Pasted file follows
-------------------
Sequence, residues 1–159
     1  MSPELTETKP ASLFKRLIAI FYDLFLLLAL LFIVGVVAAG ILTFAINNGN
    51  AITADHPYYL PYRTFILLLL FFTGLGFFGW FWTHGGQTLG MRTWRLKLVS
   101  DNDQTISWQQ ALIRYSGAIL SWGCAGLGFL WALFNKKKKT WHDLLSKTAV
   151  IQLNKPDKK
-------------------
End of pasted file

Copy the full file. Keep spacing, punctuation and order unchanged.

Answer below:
Sequence, residues 1–159
     1  MSPELTETKP ASLFKRLIAI FYDLFLLLAL LFIVGVVAAG ILTFAINNGN
    51  AITADHPYYL PYRTFILLLL FFTGLGFFGW FWTHGGQTLG MRTWRLKLVS
   101  DNDQTISWQQ ALIRYSGAIL SWGCAGLGFL WALFNKKKKT WHDLLSKTAV
   151  IQLNKPDKK